As high schoolers approach graduation, many are worried about how they will pay to continue their education. According to The New York Times, “over the past 35 years, college tuition at public universities has nearly quadrupled”, and by the time I will be applying for colleges, it will cost even more than it does now. The Huffington Post talks about the Bennett Hypothesis and states: “According to this theory, throwing more public money, private money and loans into the pot to ensure college for all just motivates “greedy” schools to raise prices and thus never leave a single dollar on the table.” This is a big problem for teenagers in America, because many jobs require a degree of some sort. Without a degree, people can’t make as much of a living than if they were to have one. It has shown that those with a degree earn about 84% more than those without. If college tuition keeps increasing at this alarming rate, then how will the future of America prosper?
Ever since starting high school, I’ve become more aware of just how much education costs. As I am planning for my future, I have to take into account how I’m going to pay to earn a degree and how long I will have to live in student debt. This gives me another thing to stress about on top of never-ending school assignments, extra curriculars, and figuring out what I want to do with my life. My family is considered middle class, but we still struggle to find a way to afford education for three kids. No matter who you are, you should expect to live in some sort of student debt. Personally, I have tried to get as many college classes done in high school as possible, but my family still has to worry about how they will be able to afford these classes. FAFSA and scholarships often times will only make a small dent in the huge amount of money owed to a university.
The high price of tuition can impact all aspects of a person’s life. It has been shown that debt will follow college students for years and will even delay their lives. In an infographic titled “The Side Effects of College’, it shows that people now wait longer to settle in, buy a house, and have kids because of their debt. How far does it have to go before we can see a change? If we can reduce the cost of college, then more students will be able to settle down and not have to worry about if they are able to afford groceries or pay off their student debt.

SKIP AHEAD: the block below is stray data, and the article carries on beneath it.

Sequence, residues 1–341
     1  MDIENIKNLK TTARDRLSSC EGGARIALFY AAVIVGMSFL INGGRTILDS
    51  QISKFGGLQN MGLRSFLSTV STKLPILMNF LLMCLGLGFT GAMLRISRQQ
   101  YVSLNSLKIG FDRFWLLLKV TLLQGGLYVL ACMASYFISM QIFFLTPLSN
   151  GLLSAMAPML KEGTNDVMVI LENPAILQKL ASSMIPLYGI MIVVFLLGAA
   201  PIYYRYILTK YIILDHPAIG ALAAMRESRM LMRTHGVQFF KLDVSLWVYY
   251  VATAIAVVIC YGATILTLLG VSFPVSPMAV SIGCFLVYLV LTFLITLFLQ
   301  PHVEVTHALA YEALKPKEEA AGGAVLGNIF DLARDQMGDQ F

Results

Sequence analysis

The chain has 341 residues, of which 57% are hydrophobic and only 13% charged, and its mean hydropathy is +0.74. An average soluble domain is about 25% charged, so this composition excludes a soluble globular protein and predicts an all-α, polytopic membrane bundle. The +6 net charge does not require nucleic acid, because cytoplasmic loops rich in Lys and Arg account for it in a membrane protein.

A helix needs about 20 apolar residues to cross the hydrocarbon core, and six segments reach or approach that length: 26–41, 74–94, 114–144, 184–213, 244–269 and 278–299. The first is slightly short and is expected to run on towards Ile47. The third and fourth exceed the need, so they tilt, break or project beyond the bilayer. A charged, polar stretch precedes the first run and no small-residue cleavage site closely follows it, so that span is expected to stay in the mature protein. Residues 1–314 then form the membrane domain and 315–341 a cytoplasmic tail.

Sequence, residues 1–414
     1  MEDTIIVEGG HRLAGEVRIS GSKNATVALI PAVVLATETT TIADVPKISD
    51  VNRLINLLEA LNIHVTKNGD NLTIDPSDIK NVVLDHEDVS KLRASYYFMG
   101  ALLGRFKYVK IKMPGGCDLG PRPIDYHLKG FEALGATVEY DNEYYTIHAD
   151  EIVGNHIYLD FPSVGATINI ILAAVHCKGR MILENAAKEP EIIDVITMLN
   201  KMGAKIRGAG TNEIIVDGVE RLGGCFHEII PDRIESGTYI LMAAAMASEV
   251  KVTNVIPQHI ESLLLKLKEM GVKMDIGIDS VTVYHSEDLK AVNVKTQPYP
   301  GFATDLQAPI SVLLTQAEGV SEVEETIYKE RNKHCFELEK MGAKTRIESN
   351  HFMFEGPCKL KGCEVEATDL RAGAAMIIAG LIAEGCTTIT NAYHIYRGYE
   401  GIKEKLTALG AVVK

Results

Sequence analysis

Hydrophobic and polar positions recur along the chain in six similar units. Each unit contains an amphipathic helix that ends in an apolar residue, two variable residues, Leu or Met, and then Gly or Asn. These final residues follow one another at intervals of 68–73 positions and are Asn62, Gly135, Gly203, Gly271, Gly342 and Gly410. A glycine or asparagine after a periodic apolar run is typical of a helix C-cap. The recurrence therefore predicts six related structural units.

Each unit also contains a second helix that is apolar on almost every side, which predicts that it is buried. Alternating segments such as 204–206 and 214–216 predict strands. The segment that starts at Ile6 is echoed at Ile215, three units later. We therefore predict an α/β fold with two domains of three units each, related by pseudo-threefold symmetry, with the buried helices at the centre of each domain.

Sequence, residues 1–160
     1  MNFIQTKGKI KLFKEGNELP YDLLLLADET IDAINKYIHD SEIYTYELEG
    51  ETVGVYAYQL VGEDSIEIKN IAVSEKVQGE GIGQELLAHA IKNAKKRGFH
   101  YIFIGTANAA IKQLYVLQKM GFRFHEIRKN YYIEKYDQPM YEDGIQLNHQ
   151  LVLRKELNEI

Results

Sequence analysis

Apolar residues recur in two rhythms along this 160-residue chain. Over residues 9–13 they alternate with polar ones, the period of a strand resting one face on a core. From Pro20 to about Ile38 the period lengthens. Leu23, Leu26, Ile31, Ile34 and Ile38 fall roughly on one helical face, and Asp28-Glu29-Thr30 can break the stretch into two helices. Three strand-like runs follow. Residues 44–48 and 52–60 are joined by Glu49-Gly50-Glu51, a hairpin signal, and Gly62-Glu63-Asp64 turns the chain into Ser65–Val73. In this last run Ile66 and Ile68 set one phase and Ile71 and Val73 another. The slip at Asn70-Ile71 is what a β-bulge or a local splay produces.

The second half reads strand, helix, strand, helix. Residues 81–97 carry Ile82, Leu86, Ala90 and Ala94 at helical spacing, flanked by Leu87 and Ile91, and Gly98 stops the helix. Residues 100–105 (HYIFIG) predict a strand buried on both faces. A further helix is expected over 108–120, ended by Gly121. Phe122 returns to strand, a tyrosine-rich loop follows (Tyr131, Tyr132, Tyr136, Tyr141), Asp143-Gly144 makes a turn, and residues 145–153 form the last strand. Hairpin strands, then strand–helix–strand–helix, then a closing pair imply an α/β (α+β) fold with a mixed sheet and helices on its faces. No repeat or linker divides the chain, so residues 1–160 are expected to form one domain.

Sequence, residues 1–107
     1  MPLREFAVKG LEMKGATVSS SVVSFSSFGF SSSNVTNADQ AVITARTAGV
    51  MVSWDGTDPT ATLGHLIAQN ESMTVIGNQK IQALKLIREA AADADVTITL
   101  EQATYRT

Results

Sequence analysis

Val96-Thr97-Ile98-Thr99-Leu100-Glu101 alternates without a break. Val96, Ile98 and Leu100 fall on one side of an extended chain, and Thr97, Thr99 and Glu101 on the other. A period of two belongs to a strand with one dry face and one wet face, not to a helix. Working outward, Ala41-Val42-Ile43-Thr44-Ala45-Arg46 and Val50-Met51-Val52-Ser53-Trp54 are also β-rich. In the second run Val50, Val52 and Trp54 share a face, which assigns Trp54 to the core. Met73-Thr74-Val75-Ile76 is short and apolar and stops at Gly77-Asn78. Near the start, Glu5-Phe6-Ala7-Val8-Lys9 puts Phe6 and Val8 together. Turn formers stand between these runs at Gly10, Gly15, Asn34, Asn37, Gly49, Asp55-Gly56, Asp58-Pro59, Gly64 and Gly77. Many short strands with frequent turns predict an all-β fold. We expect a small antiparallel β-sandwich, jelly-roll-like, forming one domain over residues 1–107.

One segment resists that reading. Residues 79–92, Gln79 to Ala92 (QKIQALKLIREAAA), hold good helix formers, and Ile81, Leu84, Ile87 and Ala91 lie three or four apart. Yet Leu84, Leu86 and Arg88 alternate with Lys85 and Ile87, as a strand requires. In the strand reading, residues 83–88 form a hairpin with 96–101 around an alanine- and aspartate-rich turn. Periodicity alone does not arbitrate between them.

Research has shown that the reason for the increasing prices have been due to inflation. Simply put, inflation is when money loses its value, therefore causing prices to rise. In the article “Higher Education Subsidies”, it talks about how inflation has been caused by an increase of student subsidies and has correlated with the public budget for education. It also states: “Tuition and other college costs have soared as subsidies have risen. It is matter of supply and demand. As more Americans have sought a college education, prices have been pushed up.” So, what can we do to make this stop? Can some budgets be cut in colleges and can we direct more money towards tuition costs for students? Some students may be able to cut costs by dual enrolling or going to a community college for two years, but a hefty price tag still comes with that.
This is why I am writing a letter to you, the future president, in hopes that our country can figure out a way to make education affordable. I believe that this is possible, and you have everyone’s support, we just need you to help make a difference.
Campos, Paul F. "The Real Reason College Tuition Costs So Much."The New York Times. The New York Times, 04 Apr. 2015. Web. 01 Nov. 2016.
@DownsizeTheFeds. "Higher Education Subsidies." Downsizing the Federal Government. N.p., n.d. Web. 01 Nov. 2016.
Haber, Jonathan. "Solutions to the High 'Freaking' Cost of College." The Huffington Post. TheHuffingtonPost.com, n.d. Web. 01 Nov. 2016.
@SurvivinCollege. "Infographic: The Side Effects of College Costs | Surviving College." Campus Riot. N.p., 14 Feb. 2014. Web. 01 Nov. 2016.